Sunday, March 2, 2014

Sitting in the Quiet

“But I had reached the point where I no longer gave a s#$%.   The fact that I had no money was not going to make me quit. I didn’t have a family, I didn’t have a home, I didn’t have a future I could count on. None of those was going to make me quit either.
By that point I didn’t even have a dream. That was a good thing. I had given up on the fantasy that there was a brass ring, or a movie deal, or a rave review that was somehow going to change my life. I had found what I did, which was to sit at a keyboard beating my brains out, day after day, no matter what.”
Steven Pressfield 
I read the above quote in an e-mail newsletter from Mr. Pressfield.  There’s more.  He talks of ruined relationships, several failed projects and even thoughts of suicide.    Still he wrote.  So that’s what I’m doing.  And here’s the thing.  I will give all of it up and all I ask is two things:  my house on the beach and the privilege of writing every day.    So right now, though I’m tired I move forward.  I drink my cup of coffee to stay awake (it doesn’t help) and I keep writing.  I tell my Muse how much I love her by sitting here and working.  I sit here in the quiet and write.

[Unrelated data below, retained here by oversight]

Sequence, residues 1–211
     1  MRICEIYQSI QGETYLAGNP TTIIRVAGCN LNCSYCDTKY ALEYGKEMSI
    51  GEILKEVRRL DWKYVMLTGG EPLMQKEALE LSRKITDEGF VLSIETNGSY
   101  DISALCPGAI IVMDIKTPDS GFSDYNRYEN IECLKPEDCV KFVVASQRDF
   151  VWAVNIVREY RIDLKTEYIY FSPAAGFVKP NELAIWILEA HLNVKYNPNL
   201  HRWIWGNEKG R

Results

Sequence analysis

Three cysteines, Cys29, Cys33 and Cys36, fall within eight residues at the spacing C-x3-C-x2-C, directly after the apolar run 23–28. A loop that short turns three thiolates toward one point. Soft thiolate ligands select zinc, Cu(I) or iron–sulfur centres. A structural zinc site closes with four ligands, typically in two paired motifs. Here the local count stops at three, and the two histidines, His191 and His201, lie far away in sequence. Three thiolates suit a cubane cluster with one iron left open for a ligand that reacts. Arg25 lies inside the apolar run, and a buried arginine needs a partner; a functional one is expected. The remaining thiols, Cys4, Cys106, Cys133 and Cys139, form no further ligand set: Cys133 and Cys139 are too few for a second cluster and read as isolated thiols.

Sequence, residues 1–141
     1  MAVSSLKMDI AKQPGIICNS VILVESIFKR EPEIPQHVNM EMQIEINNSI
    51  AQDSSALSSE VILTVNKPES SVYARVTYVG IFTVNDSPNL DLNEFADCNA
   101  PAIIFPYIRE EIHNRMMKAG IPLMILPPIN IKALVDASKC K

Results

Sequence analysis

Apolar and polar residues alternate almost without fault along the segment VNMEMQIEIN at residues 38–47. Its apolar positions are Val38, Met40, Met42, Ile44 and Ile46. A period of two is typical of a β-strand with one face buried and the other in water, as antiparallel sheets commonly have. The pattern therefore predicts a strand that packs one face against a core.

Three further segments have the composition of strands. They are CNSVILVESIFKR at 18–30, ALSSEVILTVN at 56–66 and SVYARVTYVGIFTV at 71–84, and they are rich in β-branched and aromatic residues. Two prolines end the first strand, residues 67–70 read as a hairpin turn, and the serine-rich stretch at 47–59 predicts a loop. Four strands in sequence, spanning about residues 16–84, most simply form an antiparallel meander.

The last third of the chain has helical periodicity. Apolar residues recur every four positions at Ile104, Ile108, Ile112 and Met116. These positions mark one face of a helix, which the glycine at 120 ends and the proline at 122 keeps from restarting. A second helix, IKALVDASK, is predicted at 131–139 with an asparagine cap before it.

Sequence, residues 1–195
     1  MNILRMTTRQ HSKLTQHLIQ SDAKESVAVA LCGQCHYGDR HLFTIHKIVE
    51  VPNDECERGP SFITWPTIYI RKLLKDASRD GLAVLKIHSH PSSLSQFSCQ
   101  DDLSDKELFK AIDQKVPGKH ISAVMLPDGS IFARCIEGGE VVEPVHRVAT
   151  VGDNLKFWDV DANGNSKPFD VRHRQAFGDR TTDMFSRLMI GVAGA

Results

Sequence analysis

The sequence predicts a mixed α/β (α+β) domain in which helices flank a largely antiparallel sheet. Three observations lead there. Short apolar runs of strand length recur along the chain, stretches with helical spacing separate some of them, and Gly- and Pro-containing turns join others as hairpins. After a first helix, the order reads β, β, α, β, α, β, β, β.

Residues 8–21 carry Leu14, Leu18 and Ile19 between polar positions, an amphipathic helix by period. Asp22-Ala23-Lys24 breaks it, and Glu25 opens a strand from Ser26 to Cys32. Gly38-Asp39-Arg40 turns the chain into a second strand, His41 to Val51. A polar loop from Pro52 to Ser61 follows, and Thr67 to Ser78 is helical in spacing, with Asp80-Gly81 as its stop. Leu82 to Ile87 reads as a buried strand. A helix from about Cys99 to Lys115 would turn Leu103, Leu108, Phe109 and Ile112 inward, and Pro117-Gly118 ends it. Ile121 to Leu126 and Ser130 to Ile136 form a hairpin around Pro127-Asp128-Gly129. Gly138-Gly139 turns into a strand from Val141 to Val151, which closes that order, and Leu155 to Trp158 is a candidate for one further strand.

I sat in the quiet earlier today.  I went to my first Quaker service.  I won’t go into the history of the Quakers or what they believe at this time.  I will say that they go back to the 1600’s, that there are differing beliefs and sects within the larger group and that they are committed to social justice.  In the service, there was mostly silence.  Two men spoke for about five minutes each, but that was all.  After an hour, it ended.  This was different than anything I’ve ever attended.  I liked the silence.  I was able to hear God.  He told me I could let go of the memories of the unpleasant parts of my past and that I would not lose myself by doing this. 
Letting go of pain, despair or self-pity allows me to be more fully myself.  Just as we’re created to be healthy and not sick, we are created to be free and not chained either physically or emotionally.  This is why I spend time with my Muse.  So I can be as free as possible.  This is why I write.  So I cannot only be free, but so I can be in control of my own destiny if nothing else. 
Hopefully my journey won’t be as arduous as Mr. Pressfield’s. 
Even though I’m falling asleep, I’m taking control of my destiny by finishing this blog.  It may not be a great work of literature, but it’s still my work.   And I’m proud of it.  I sat at the keyboard and got something done.  I’m one step closer to my house on the beach.  I was able to Get Started and Keep Going.